Dr. Christian Holz is a post-doctoral Research Fellow at the Department of Geography and Environmental Studies at Carleton University in Ottawa and the Senior Research Associate of the Climate Equity Reference Project. His focus is on research and advocacy in the context of international climate change politics, especially the multilateral UN climate regime. He is a co-author of an influential series of annual equity and ambition assessment of countries’ climate action pledges, whose first installment – Fair Shares: A Civil Society Equity Review of INDCs (civilsocietyreview.org/report) – was described as the single most influential climate justice intervention at the 2015 UN Paris Climate Summit (and even made it into the speeches of some Heads of States). Christian is also a past Executive Director of Climate Action Network Canada (2012-2014). An active and long-standing participant in the UN climate negotiations, he aims to combine rigorous scholarship and effective advocacy to address the global climate crisis. In general, this research and advocacy work centres on the role of equity and fairness as enablers of ambitious domestic and international action on addressing climate change while protecting the right of the world’s poor to a better life.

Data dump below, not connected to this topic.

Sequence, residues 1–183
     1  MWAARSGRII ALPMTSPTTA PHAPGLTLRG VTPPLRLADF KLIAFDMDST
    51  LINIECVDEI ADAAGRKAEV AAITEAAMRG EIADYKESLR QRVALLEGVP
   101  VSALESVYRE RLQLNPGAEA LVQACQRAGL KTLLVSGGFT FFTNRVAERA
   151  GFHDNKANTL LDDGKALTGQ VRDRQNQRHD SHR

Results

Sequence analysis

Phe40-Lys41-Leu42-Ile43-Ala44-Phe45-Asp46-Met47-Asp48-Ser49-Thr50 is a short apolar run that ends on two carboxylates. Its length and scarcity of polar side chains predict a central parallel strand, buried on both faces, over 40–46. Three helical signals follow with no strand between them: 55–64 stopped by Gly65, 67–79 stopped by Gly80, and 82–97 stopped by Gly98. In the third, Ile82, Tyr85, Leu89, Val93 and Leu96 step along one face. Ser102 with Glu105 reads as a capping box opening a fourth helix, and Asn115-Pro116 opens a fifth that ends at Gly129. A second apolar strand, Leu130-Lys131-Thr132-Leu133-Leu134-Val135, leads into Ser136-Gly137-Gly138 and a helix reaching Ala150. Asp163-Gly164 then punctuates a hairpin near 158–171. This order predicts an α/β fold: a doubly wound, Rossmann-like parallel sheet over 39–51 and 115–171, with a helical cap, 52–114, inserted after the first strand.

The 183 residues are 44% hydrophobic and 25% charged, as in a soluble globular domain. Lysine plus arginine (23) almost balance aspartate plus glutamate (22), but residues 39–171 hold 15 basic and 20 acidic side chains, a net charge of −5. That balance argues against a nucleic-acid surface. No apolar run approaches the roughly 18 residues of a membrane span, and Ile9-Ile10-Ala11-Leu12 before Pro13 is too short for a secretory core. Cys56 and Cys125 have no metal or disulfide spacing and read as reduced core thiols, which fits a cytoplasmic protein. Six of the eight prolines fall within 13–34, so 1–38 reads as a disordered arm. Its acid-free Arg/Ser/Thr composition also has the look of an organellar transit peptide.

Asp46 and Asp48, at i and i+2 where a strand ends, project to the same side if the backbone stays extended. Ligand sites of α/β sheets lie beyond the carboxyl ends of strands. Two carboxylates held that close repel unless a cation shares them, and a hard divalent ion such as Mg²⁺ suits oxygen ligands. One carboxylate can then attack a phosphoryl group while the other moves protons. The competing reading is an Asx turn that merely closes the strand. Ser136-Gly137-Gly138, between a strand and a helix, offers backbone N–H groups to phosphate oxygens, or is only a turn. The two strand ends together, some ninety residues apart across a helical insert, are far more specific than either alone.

Émilie works as Director of Operations at the Climate Reality Project Canada. The organization, based in Tiohtià:ke (Montreal), is the Canadian branch of an international organization spanning over 10 countries. Its mission is to build and connect networks of empowered individuals in communities across Canada by equipping them with the tools and knowledge to bring about new behaviours and policies that lead to a low-carbon, resilient and just future. Her role mainly consists of developing tools and offering support in order to optimize the organization’s workflow, overall efficiency, and impact. She is also heavily involved in fundraising and reporting, as well as partnership development. Previously, she held the role of Community Engagement and Program Development Manager, during which time she had the immense privilege of supporting Climate Reality Canada’s 1500+ passionate volunteers across Canada.